From: living nonviolence
I always describe IISC as a “Collaboration Shop.” The founder of Interaction Associates, David Strauss, authored the seminal book “How to Make Collaboration Work.” I’m all for people working together to achieve a common goal. I make a living helping them do that.
But Stowe Boyd has me thinking about the distinction between collaboration and cooperation. He says that cooperation means not subordinating your own interests to those of some ‘collaborative’ collective, it instead leads to nimble fast-and-loose connectives.
I am wondering if cooperation is a more appropriate term for working together in the network age. In social movement work, I often draw the distinction between a coalition and a network.
I describe a coalition as a fundamentally industrial formation. Coalitions are centripetal in nature; they are oriented towards a center. When we work in coalition we agree to bring our strength together by agreeing to do the same thing at the same time – this way we can pull a bigger lever.
I describe a network as a post-industrial formation. Networks are more centrifugal in nature. More accurately, it’s not so much that they move away from a center, it’s that they are resilient because they are decentralized.
If we agree with Boyd’s definition, then the distinction between collaboration and cooperation seems to follow a similar pattern. In which case it seems that in the age of networks cooperation might indeed be more appropriate than collaboration.
Harry Waisbren of the Jobs Party recently introduced me to the Occupy Network’s concept of “do-ocracy.” Which, if I understand it correctly, has the potential of liberating the movement from the tyranny of consensus. He says that “do-ocracy” is centered around respecting the work from those who do it.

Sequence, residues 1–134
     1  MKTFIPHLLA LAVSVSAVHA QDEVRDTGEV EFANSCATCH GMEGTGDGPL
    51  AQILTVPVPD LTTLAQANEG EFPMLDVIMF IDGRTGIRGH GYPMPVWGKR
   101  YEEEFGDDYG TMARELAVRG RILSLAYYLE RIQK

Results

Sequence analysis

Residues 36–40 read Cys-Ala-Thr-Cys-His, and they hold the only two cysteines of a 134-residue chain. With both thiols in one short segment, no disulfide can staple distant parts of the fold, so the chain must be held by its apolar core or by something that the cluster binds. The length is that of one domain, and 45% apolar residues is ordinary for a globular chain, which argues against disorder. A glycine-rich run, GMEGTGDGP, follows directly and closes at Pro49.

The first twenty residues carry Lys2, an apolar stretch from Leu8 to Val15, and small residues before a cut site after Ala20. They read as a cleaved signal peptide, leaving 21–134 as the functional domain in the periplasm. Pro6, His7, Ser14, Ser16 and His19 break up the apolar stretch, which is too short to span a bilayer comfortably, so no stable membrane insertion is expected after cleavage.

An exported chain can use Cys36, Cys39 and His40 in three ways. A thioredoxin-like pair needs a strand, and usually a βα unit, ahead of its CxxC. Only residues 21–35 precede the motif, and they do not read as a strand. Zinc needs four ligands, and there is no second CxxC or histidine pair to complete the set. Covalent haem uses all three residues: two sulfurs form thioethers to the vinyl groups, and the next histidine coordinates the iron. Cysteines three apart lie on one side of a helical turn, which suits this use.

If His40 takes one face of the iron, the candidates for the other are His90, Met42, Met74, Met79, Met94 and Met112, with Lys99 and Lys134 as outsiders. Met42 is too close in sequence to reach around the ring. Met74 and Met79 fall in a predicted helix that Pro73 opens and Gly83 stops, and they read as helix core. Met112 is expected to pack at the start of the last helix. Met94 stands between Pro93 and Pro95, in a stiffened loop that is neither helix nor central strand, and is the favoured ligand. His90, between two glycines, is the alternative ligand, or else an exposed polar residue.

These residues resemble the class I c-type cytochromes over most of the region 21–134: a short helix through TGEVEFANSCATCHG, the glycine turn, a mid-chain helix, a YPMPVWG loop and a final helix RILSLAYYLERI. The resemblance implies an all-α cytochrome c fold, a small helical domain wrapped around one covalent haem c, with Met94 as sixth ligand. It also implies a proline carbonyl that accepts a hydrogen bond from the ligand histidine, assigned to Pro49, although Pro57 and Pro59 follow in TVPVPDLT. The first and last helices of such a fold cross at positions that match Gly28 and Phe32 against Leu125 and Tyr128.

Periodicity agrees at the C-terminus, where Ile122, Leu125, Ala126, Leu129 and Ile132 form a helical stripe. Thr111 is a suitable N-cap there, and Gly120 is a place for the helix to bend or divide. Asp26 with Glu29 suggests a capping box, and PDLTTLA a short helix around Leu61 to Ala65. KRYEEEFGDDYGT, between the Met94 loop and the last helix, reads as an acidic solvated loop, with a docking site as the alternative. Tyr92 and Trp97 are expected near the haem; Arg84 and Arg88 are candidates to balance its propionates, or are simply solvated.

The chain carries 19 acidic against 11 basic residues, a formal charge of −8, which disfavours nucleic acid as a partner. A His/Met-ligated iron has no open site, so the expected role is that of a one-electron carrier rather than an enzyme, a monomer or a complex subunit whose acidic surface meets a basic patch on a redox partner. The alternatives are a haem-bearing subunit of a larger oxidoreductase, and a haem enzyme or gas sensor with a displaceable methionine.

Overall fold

“[I]f a team member does the heavy Read on….
People employed in Bangladesh’s garment factories protest unsafe conditions and low wages. (Flickr/Dblackadder)
Exclusive stores in Manhattan, London and Milan are busily stocking shelves with the one-shouldered dresses and Miley Cyrus-esque crop tops that were on display earlier in September at New York City’s Fashion Week.
But half a world away, in the city where the western world’s clothes are actually made, the sewing machines have stopped.
More than 300 garment factories are currently shut down in Dhaka, Bangladesh, as hundreds of thousands people — mostly women — take the the streets in the third day of sweeping protests for wage increases in the notoriously exploitative industry.
The latest round of protests began on Saturday, when approximately 50,000 women rallied in Dhaka to demand a wage increase to just over $100 a month. The rally appeared to have been aimed at actually stopping production rather than making appeals to public officials or the international community. About 10,000 women blocked the highway about 18 miles north of the capital city, halting traffic. Many of the remaining 40,000 women rallied outside various factories, forcing them to close operations for the day.
The demonstrations continued to grow on Sunday. By Monday, the police chief of the region’s industrial district reported that about 200,000 people employed in the garment industry were demonstrating in the streets, prompting the closure of some 300 factories that supply clothing to Walmart and other western companies. The desired wage increase, up to $103 a month, would represent a more than doubling of the women’s current salaries, which averages about $38 a month.
Since last April’s collapse of a factory building killed more than 1,000 people, Bangladesh’s government and the country’s garment industry have been under scrutiny. The European Union threatened to cut trade benefits to Bangladesh over the summer, prompting the nation’s government to Read on….
From: wnv feedburner